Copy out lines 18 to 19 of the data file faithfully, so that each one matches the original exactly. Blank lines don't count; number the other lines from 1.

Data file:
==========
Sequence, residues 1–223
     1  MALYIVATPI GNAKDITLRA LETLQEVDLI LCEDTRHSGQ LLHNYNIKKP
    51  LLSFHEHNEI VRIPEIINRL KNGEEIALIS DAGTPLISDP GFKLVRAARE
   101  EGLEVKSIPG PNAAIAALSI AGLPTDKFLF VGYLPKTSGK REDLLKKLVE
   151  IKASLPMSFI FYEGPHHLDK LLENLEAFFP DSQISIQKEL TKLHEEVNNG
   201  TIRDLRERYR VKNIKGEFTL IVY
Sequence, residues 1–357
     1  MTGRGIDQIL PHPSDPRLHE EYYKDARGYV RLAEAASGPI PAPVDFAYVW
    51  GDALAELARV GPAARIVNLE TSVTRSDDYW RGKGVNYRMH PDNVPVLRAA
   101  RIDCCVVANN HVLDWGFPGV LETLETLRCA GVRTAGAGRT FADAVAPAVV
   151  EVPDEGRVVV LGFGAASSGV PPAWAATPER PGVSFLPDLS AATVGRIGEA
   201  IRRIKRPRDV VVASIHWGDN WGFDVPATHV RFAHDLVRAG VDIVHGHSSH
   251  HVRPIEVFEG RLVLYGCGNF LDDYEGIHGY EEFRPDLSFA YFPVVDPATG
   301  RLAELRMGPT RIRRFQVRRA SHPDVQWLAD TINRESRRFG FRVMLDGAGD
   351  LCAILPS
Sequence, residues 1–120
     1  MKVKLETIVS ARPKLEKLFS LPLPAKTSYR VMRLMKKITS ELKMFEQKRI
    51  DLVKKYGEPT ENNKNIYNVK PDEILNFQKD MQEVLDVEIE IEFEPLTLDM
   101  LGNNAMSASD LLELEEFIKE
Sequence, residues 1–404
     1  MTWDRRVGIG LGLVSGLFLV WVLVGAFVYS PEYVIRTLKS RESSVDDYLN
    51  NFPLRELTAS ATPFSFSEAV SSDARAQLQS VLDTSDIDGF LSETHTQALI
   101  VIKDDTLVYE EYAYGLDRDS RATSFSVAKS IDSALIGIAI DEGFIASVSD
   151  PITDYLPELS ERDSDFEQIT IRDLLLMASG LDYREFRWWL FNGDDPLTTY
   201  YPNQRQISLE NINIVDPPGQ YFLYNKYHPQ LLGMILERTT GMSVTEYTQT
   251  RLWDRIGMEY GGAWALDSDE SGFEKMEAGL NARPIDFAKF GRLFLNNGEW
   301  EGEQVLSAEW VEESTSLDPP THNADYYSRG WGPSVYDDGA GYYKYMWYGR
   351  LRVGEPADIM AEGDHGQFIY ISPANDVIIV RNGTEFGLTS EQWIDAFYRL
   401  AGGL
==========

    51  DLVKKYGEPT ENNKNIYNVK PDEILNFQKD MQEVLDVEIE IEFEPLTLDM
   101  LGNNAMSASD LLELEEFIKE